The diet itself isn’t nutritionally balanced as it eliminates or at least severely restricts several foods groups, including fruit. The British Dietetic Association and France’s National Agency for Food, Environmental and Work Health Safety have given this diet a thumbs down.

As with most fad diets, there isn’t the evidence to back up the claim that weight loss can be maintained, particularly long-term. Is it harmful to follow for a short period of time? Probably not, unless the side effects become bothersome. Do you see yourself eating this way indefinitely? Maybe. Is this another Atkins-type of diet, repurposed? Very likely. Is this the best diet for the future Queen of England to be following? That remains to be seen.

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  • Emm

    There are many flaws in your analysis of the Dukan Diet, mostly because you believe the conventional wisdom for diabetics. It’s true that diabetics need to beware of low blood sugar. However, the answer isn’t in continuing to eat carbs when you have diabetes. Why continue eating the thing that causes your diabetes (carbs), only to pump insulin when you eat them? With the help of their insulin meds, diabetics can be weaned off of carbs into a low- or zero-carb lifestyle, thus eventually needing little to no insulin… ever. Please research the paleo, Dukan, and low-carb lifestyles and talk to diabetics who have practically cured their condition with these new options. The faulty science preaching that low-carb and animal foods are killing us is quickly being dismissed in the past year. The media is trying to hold on to the conventional wisdom that grains are good for us by throwing around headlines like “red meat kills, science finds”. When you look at the article they cited and look at the DATA ITSELF (NOT THE AUTHOR’S WRITTEN CONCLUSION), we find that the data DOES NOT show that meat kills. A study has never been done with MEAT ALONE… it’s always studied with meat and grains being consumed together. There is evidence now that it’s the grains that is causing the inflammation that causes the Type II Diabetes, Heart Disease, etc., instead of the hamburger meat. Please, please listen to the other side of the story instead of blindly listening the ADA’s recommendations. ‘Critical thinking’ is the saving grace for us all who suffer.

  • Emm

    If you don’t mind me adding: most of the weight lost at the beginning of a low-carb diet is, yes, just extra water weight. I don’t know why people say this is negative. Grains cause us to carry around unnecessary water reserves (inflammation), and a low-carb diet fixes that ūüôā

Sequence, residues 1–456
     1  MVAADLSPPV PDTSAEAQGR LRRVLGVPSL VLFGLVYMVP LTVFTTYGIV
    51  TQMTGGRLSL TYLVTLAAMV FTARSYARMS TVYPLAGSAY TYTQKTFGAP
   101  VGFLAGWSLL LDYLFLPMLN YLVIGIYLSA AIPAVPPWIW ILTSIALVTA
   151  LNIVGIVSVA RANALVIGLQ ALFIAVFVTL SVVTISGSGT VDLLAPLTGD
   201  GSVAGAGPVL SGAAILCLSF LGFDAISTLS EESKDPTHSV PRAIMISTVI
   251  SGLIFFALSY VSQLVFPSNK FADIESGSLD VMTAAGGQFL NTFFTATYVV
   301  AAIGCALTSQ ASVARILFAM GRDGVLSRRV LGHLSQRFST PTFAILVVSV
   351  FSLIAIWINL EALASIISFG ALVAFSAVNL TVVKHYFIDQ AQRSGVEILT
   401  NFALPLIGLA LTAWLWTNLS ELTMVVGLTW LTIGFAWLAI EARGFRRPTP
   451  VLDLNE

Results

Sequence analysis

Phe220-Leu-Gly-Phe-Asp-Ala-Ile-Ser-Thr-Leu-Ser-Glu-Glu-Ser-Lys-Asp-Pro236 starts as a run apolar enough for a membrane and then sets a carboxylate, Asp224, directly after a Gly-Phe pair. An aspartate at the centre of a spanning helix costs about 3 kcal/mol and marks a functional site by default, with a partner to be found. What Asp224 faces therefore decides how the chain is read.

• acampbell

    Hi Emm,

    Thanks for your comments. Just to clarify, I don’t “blindly” listen to ADA’s recommendations. What I aim to present in all of my postings, as much as I am able, are evidence-based guidelines and practices that are supported by a number of organizations and health institutions, including, but not limited to, ADA, Harvard School of Public Health, American Cancer Society, Academy of Nutrition and Dietetics, American Heart Association, and the World Health Organization, to name a few. I have no doubt that diets like Dukan and Paleo help people manage their blood glucose. However, the research doesn’t support long-term effectiveness or safety of either of these diets. As a dietitian, however, my job is to promote healthful eating for the whole person, not just the “diabetes part” of that person. Any diet that severely restricts or eliminates an entire food group has the potential to be nutritionally unbalanced. And those that promote rapid weight loss are generally not healthful, as muscle mass, not fat mass, tends to be lost along with fluid and electrolytes. To address your point about whole grains causing inflammation, again, the evidence (from credible, peer-reviewed journals) does not support this claim. On the contrary, a sizable amount of evidence (including research done by Dean Ornish and Neal Barnard) indicate that whole (not refined) grains, along with fruits and vegetables, have an anti-inflammtory effect, thus likely protecting against heart disease, Type 2 diabetes, and cancer. Interestingly, a study was released today indicating that people with Type 2 diabetes who follow a low-carb, high-fat diet have higher levels of endotoxins than those not on a low-carb diet. Endotoxins may raise the risk of heart disease and inflammation.